In today’s culture, it is not uncommon to hear young men and women being told to “reach their full potential” in life. This often implies a highly-successful and high-paying career. Many 20-somethings today are growing up believing that self-fulfullment stems from a never-ending road of worldly achievement. In this environment, many would be completely flustered as to why anyone in their right mind would trade a so-called “self-fulfilling” career life with a life that centers around other’s needs within the home. Our world likes to measure achievements based on recognition. I think it is safe to say, that many homemakers today are widely unrecognized as valuable to our society.

Well, the Homemakers Project is reverse this lack of acceptance. The Home Renaissance Foundation, a London think-tank, and the Associazione Culturale Fontana Nuova are teaming up to raise awareness about the social, emotional and economical importance of strong families.  The Homemakers Project seeks to capture on film and with words the values and attitudes underpinning the lives of homemakers by featuring  people and their stories from around the world. The Projects goals include recognizing the value of the homemaker in making a home, promoting housework as a profession,counteracting the current social pressure that restricts many people, especially women, from choosing a a career compatible with their family and fostering the freedom to choose.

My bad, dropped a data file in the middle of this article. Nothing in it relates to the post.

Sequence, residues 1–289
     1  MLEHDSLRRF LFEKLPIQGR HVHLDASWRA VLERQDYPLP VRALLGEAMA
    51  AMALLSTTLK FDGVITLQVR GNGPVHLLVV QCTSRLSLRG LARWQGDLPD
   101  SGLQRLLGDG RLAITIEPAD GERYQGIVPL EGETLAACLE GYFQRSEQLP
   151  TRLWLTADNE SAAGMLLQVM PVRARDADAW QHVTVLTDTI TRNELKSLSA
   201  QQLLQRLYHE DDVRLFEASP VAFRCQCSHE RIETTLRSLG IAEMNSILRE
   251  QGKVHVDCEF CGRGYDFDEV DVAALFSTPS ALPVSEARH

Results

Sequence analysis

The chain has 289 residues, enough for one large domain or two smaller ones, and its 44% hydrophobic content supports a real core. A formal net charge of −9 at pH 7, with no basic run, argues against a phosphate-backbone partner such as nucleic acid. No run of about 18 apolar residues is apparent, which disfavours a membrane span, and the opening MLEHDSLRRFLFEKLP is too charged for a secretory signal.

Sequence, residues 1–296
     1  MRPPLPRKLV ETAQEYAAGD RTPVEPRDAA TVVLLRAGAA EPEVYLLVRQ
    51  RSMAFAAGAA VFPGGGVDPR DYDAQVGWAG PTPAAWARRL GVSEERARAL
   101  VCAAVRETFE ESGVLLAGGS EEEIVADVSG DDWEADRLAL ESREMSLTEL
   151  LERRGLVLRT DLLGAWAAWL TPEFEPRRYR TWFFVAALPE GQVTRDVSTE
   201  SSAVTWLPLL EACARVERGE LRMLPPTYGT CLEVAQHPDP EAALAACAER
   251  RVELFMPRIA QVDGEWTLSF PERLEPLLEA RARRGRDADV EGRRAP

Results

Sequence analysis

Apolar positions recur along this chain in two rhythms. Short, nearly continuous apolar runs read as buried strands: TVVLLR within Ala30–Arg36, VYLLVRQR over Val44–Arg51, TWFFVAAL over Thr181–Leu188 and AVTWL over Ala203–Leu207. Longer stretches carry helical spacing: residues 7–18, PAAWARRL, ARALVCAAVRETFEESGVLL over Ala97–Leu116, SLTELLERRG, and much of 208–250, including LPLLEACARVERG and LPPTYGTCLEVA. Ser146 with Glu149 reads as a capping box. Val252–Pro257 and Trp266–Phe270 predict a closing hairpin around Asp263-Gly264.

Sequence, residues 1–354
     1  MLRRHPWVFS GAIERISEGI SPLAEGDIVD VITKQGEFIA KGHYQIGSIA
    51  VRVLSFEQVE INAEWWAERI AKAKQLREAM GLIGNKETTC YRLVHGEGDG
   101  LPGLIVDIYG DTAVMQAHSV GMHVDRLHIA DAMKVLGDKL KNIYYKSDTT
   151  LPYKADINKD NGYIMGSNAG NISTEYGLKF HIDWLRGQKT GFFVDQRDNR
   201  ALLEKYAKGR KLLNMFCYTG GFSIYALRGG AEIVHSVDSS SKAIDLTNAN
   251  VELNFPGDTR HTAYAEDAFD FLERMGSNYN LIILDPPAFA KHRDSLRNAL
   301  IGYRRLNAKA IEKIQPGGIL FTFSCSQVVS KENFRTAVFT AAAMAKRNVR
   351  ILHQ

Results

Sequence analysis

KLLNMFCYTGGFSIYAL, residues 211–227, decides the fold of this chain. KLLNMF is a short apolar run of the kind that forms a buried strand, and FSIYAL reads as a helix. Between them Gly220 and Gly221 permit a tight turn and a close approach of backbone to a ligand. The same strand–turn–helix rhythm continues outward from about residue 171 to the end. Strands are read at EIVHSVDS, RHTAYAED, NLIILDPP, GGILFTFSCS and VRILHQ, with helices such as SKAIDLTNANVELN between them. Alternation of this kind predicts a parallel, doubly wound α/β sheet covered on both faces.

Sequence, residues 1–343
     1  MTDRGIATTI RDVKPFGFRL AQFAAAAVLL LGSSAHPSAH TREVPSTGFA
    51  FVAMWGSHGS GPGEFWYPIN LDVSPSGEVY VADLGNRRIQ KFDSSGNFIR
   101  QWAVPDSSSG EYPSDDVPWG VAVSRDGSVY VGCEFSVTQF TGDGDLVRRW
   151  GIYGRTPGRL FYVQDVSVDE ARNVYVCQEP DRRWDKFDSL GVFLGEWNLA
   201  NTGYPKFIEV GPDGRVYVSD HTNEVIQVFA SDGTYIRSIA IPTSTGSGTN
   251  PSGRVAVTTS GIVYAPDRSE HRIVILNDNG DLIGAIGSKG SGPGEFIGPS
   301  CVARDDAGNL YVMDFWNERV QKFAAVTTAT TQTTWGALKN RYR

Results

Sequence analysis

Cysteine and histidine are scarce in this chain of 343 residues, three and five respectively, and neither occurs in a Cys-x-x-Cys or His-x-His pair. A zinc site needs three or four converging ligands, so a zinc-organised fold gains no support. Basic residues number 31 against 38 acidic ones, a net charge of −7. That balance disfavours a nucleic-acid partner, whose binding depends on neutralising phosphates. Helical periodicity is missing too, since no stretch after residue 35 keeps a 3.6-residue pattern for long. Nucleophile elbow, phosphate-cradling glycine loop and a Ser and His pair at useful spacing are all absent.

Several interview clips feature women from varying backgrounds. One woman, Joanna Roughton, decided to trade in her career as the head of foreign news for SkyNews to stay at home with her children. In her interview, she emphasized the importance of communication and flexibility within a home environment. This is learned with discipline and persistence. Dr. Sophia Aguirre, a professor of Economics at The Catholic University of America, stressed the need for the home to act as a central human capital. Without the nucleus of the family, there is no central human capital within our worldly economic structure.

The Homemakers Project is a worthy cause and I would encourage you to seek out their website and blog: